After watching a few more superb athletes fall into the water to the roar of the crowd we turned our attention to the sunset.  That glorious feature of west Jamaica – low clouds, a rainbow of color, reflection on the water – our company at the café grew more silent as cameras snapped and fires grew along the water’s edge.  We left Rick’s, not to return.  I took the guys by Blue Cave Castle and also showed them Winton’s sister’s place.  A funny thing happened, like a level-up in this strange reality video game.  I asked a woman to make a phone call and apologized for only having $20J, which is around a quarter in US currency.  She looked at me, almost offended but not, probing to see whattagowan wi dis.  I said in thick accent, “Sorry sistren, it all I have, local call.”  Chris and Brian waited in the wings.  As she came around and began to fish her phone out of a bag a street Rasta sitting down near her, in front of a little wooden shop, said, “Him ruff, him a ruff mon.” The woman looked at me again, with different eyes.  I stared at the Rasta, “Respect bredren.” He nodded and ripped off some fast patois about how I was a Jamaican to the woman who kindly gave me the phone.  I found a hundred J in my pocket and gave her after the call, just as a thank you.  The Rasta called out as I was leaving, “You know tings mon, good tings.”  I nodded.  Once again I felt that deep connection, the language beyond words that happens so quick on the jungle island.  I have pondered since that night what he was talking about.  I think if I make something up and it feels right in the heart, it is right.   Maybe dems da tings I know.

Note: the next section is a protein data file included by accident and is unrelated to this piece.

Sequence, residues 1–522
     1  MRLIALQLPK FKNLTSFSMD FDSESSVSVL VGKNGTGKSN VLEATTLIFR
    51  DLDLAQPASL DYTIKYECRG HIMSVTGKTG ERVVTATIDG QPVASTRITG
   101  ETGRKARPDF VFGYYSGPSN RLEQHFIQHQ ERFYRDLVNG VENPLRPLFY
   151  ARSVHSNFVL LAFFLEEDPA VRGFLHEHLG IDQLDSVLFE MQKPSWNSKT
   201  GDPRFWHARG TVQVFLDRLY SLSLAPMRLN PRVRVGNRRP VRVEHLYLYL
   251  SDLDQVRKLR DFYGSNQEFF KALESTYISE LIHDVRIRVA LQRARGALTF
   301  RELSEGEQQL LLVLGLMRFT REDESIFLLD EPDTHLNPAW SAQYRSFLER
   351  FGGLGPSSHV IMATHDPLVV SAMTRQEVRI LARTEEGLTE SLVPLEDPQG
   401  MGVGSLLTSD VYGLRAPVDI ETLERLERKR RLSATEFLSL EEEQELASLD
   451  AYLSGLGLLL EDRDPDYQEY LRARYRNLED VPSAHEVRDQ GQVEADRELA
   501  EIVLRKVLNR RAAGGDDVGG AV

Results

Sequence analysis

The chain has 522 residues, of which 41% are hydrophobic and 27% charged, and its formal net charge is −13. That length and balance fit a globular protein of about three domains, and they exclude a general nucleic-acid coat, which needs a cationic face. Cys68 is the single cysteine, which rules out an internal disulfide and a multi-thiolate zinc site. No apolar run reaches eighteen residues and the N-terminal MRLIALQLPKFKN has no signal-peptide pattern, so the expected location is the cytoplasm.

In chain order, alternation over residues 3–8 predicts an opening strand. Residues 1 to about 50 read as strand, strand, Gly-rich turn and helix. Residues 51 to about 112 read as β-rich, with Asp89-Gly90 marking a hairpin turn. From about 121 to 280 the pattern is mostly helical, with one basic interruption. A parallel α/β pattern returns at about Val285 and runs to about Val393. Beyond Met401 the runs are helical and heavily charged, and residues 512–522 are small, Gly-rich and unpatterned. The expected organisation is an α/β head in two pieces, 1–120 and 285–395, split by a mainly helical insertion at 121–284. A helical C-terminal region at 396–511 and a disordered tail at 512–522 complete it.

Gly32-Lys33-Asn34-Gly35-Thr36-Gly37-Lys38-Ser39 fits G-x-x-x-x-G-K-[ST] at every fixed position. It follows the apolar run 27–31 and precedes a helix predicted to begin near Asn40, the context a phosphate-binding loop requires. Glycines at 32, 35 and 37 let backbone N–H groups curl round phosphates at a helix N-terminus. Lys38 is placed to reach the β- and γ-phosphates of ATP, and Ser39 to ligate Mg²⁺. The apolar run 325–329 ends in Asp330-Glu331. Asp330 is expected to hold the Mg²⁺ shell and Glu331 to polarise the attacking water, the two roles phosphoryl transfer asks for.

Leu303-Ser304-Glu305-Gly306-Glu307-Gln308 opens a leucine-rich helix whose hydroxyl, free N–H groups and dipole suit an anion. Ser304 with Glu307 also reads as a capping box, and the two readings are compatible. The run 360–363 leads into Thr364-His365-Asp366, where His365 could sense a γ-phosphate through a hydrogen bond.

Before we draw day 4 to a restful close; sword forms and all, I’ll share Chris’ yoga lesson.   Winston had a surprising background of experience and education that I would never have expected.  I perceived through his excitement about martial arts that his story was true; he had trained at various martial arts academies throughout the west Indies and was a full on Yoga Instructor.  Winston, meet Brian, top shelf martial artist and former school owner in the Iyengar Yoga system.  Your people, my people.  There in the quickly fading light of a golden sunset, along the cliffs, Winston and Chris assumed the Lotus position and discussed body mechanics, breathing, and other stuff.  I stared out at the black water and was moved by the mystery of it all.  That, and getting back home with these guys.
“600J, Whitehall Road!”  “Where?” “Up by the cockfight.” “Oh ya mon, you a go up dere by da cockfight?” “True.”  “Ya mon get in.”